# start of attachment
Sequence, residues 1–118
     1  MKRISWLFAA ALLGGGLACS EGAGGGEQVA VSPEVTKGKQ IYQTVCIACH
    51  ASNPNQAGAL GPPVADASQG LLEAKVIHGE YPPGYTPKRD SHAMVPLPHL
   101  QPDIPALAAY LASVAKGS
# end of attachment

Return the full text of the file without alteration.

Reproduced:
Sequence, residues 1–118
     1  MKRISWLFAA ALLGGGLACS EGAGGGEQVA VSPEVTKGKQ IYQTVCIACH
    51  ASNPNQAGAL GPPVADASQG LLEAKVIHGE YPPGYTPKRD SHAMVPLPHL
   101  QPDIPALAAY LASVAKGS